Kindergartens in Palo Alto schools are committed to maintaining students’ natural curiosity and confidence in themselves as learners while developing the student behaviors that will enable them to become active and focused learners in a classroom setting. The following summary of the instructional program provides an overview of the Kindergarten year. Expectations are, of course, modified or expanded to meet a child’s needs and abilities.  The Kindergarten program builds on skills and knowledge children learn at home or pre-school. The manner of instruction – motivation, grouping, pacing, reinforcing and reteaching – is determined by each teacher as he or she works to meet individual needs.

Curriculum standards are what all grade-level students are expected to know and be able to do by the end of a school year. Key standards of kindergarten education are highlighted below. All K-5 teachers will continue efforts to fully implement the California Common Core State Standards (CCSS) by making strategic instructional shifts in both English Language Arts and Mathematics. Instruction will be adjusted to best meet the needs of all students.

In Kindergarten, each student will . . .

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Language Arts

College and Career Readiness Anchor Standards for Language Arts

As part of the shift to the Common Core State Standards, students will be working toward College and Career Readiness Anchor Standards (CCR) in language arts. These anchor standards describe the skills of graduating twelfth grade students, and are all included in the specific kindergarten through fifth grade standards at the appropriate developmental level for each grade. There are ten standards for reading, ten for writing, six in the area of listening and speaking, and six in language. These standards include reading closely for deeper meaning, analyzing details, interpreting and using evidence, integrating and evaluating content from various multimedia sources, writing routinely over extended time frames for different purposes using different forms of technology (including the internet), and more.  For a list of the specific 32 kindergarten through 5th grade language arts College and Career Readiness Anchor Standards.

Reading

  • identifies uppercase and lowercase letter names
  • identifies individual letter sounds
  • asks and answers questions about unknown words in text using meaning, structure, and visual cues
  • with prompting and support, retells familiar texts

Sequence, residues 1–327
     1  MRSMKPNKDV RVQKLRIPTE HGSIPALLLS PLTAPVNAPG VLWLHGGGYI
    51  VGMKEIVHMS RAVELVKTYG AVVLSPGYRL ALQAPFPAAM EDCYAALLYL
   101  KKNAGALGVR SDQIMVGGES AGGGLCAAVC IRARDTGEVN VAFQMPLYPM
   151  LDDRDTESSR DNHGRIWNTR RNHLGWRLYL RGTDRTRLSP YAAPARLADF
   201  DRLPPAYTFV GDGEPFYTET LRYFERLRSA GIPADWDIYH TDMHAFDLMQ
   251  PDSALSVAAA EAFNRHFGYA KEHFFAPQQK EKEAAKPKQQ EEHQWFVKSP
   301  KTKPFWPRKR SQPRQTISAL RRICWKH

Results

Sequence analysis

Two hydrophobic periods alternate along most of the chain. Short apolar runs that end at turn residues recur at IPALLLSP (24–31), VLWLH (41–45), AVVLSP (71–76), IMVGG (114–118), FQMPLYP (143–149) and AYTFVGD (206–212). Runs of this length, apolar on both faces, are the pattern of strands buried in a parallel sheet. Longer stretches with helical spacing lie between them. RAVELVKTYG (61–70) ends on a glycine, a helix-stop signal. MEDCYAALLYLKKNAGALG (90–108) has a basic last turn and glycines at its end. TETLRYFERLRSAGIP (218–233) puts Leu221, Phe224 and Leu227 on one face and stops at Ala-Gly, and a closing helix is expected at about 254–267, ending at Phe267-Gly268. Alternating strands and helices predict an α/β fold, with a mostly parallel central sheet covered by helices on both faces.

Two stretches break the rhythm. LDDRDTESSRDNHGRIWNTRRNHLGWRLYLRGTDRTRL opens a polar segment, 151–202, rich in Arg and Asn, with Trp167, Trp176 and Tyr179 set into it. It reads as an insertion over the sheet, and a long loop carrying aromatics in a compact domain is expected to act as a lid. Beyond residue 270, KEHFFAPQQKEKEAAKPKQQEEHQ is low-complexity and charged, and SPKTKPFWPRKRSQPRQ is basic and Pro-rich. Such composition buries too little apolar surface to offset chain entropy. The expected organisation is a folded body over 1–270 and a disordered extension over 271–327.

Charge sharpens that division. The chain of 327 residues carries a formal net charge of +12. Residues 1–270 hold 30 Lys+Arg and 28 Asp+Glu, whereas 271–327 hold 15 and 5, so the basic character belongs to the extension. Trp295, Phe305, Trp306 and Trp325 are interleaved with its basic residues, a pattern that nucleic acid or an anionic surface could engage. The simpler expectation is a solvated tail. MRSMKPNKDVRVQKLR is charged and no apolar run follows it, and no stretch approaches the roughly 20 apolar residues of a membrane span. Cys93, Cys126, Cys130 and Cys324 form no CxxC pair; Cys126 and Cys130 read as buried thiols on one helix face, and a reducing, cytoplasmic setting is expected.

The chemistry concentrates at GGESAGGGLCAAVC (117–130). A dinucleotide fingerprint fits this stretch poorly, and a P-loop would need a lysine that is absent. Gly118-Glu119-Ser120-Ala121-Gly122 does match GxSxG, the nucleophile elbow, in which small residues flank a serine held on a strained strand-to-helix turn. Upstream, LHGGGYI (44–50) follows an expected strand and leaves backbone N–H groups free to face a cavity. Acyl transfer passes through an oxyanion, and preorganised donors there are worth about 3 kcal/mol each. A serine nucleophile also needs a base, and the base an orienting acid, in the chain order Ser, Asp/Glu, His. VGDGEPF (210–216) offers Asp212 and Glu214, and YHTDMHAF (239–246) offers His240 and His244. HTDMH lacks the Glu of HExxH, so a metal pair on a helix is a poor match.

• with prompting and support, identifies basic similarities and differences between two texts
  • reads at grade level

Writing/Word Work

  • prints many uppercase and lowercase letters
  • capitalizes the first word in a sentence and the pronoun "I"
  • recognizes and names ending punctuation marks
  • uses a combination of drawing, dictating, and writing to convey a message
  • understands that words are separated by spaces in print
  • refining use of phonetic spelling; some recognizable words

Listening/Speaking

  • follows agreed-upon rules for discussions
  • speaks audibly and expresses thoughts and ideas clearly
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Mathematics

The major shifts in mathematics education for all grade levels are the Standards for Mathematical Practice.  These standards are the same for kindergarten through 12th grade students.  The Standards for Mathematical Practice describe varieties of expertise that mathematics educators at all levels should focus on in developing their students. These practices rest on important “processes and proficiencies” with longstanding importance in mathematics education.  The 8 Math Practice Standards emphasize the importance of students’ ability to explain and apply mathematical concepts to solve a range of complex problems. The 8 Math Practice Standards also emphasize how to precisely construct viable arguments to support their own reasoning, and critique the reasoning of others.

 

Math Practice Standards

  1. Make sense of problems and persevere in solving them.
  2. Reason abstractly and quantitatively.
  3. Construct viable arguments and critique the reasoning of others.
  4. Model with mathematics.
  5. Use appropriate tools strategically.
  6. Attend to precision.
  7. Look for and make use of structure.
  8. Look for and express regularity in repeated reasoning.

For more information about the Common Core Math Practice standards visit http://www.corestandards.org/Math/Practice/

 

Counting and Cardinality

  • counts a number of objects (up to 20)
  • writes and represents numbers from 0-20
  • counts to 100 by ones and tens
  • names and represents a group of objects (up to 20)
  • compares two or more sets of objects (up to 10 objects in each group) and identifies which set is equal to, more than, or less than the other

Operations and Algebraic Thinking

  • fluently adds and subtracts within 5
  • identifies, describes, and extends simple patterns
  • represents addition and subtraction with objects, drawings, equations, etc.
  • uses concrete objects to solve addition and subtraction story problems (for two numbers that are each less than 10)

Number and Operations in Base Ten

  • composes and decomposes numbers 11-19 into tens and ones

Measurement and Data

  • compares length and weight of objects by making direct comparisons with reference objects and nonstandard tools
  • identifies, sorts, and classifies objects by attributes, and identifies objects that do not belong to a particular group

Geometry

  • analyzes, compares, creates, and composes 2 and 3 dimensional shapes